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Product Management Life Cycle - Using Product Life Cycle Management

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Product life cycle management refers to the shelf life of products, from conception and birth of the product before and after it hits the market, its gradual decline, and strategies to get the most profit from a product before it is rendered obsolete or stops selling. As products are promoted through advertising, the marketing campaign must change over time to adapt to changes in the market demand for this product as its demand initially goes up, levels off, then eventually goes down with time. It is the goal and responsibility of every company to get as much profit out of a single product during its time on sale in the market, or in other words, its life cycle.

In the world of product management, life cycle refers to its time on store shelves or in the marketplace. Product life cycle management is very important to any sales team committed to the task of seeing marketing goals completed above and beyond expectation, bringing in more money for the company or companies manufacturing, implementing, and distributing the product. It’s important to bear these considerations in mind when formulating a sales or advertising campaign to get your product into the hands of consumers. Product life cycle management is based on several qualified assumptions about how well a product is selling in the marketplace, and attempts to determine where the product is in this cycle are hit and miss. However, it is a helpful strategy which allows companies to market their products more efficiently than through blind sales campaigns without any targeted goals. The information obtained through this mode of thought, while not completely reliable, is a good way to gauge an audience’s response to a product, no matter how long or how short the period of time it has been for sale on the national or global market.

Initially, the cost for a new product is high, usually as high as it ever will be. As demand for this new product comes down, the company typically lowers the price of the product to accommodate this leveling off of demand. It makes good business sense to gauge the trends of buyers to match the price accordingly, thus making consumers happy and making the most profits possible for the company making the product. Later on, production volumes will usually go up as well in response to the lessening demand for the product, and the price of the product will be reduced even more. At this stage, competing products may also take away from the overall sales volume, making it necessary to lower the price even more. As this trend continues toward the end of the product’s life cycle, it finally becomes a challenge to manage a profit from the product as the cost of production begins to outweigh the sales demand, forcing the company to slash prices and manage advertising to offset this effect. Finally, it becomes necessary to discontinue the product altogether.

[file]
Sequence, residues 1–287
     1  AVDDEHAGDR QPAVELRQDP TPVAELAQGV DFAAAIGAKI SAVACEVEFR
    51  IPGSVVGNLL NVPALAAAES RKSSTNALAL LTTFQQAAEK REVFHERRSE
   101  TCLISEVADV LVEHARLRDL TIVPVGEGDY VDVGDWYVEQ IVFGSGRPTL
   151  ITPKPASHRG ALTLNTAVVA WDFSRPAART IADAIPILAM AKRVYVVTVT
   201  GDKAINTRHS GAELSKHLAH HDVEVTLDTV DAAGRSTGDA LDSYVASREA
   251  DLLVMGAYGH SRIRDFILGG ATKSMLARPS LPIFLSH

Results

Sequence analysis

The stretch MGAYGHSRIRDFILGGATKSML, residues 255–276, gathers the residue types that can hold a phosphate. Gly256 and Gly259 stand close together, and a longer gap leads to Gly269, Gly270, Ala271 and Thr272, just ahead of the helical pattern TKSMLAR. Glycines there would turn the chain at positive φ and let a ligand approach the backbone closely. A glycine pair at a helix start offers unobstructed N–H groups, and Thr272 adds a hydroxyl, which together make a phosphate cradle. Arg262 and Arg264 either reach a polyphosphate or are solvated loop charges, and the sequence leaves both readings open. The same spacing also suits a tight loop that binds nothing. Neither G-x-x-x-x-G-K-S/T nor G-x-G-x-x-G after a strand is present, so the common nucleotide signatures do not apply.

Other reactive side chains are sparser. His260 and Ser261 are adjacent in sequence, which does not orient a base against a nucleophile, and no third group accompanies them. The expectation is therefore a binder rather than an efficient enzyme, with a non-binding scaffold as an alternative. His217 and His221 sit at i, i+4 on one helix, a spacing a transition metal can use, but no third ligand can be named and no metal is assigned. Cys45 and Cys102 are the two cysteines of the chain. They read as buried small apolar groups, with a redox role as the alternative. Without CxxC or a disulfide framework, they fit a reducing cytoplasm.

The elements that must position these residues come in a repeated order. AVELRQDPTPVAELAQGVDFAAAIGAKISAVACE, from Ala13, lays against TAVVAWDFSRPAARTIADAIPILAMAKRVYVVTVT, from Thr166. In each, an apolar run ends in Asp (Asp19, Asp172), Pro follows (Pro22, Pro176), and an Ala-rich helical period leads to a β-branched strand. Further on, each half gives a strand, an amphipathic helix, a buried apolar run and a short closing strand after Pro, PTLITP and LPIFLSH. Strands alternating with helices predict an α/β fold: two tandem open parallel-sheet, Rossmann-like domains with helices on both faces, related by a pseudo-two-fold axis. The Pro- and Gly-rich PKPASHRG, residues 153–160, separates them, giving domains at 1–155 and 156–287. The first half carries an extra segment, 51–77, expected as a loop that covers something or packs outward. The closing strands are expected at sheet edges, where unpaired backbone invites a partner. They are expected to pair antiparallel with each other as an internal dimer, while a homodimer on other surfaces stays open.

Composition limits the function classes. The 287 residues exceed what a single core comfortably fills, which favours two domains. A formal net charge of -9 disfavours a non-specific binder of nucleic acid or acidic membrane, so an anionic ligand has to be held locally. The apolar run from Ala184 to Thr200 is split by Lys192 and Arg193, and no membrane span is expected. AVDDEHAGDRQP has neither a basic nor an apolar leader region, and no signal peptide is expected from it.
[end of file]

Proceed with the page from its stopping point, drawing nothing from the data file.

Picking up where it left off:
This mode of thought in marketing is very useful for global marketing campaigns, allowing companies to get their products off the ground and make the most money they can from the sale of the product before its demand decreases to the degree that it is no longer profitable to manufacture it. Although this marketing strategy applies to many products the world over, it does not apply to all products. Some products and specific brands of products have been in production for many decades, but have yet to see a decline in sales or popularity. For this reason, the product life cycle management approach to marketing must be applied with care, and only when applicable to the situation. Taking on newer and better products is an ongoing profit strategy for companies with more than one product to sell, and whether or not to take the PLCM approach is up to the decision makers, and is dependent upon market conditions in which the product is being launched, as well as the nature and shelf life of the product itself. This useful method of boosting and maximizing sales volumes has been around for many years, and it will continue to be an important part of the way companies do business.

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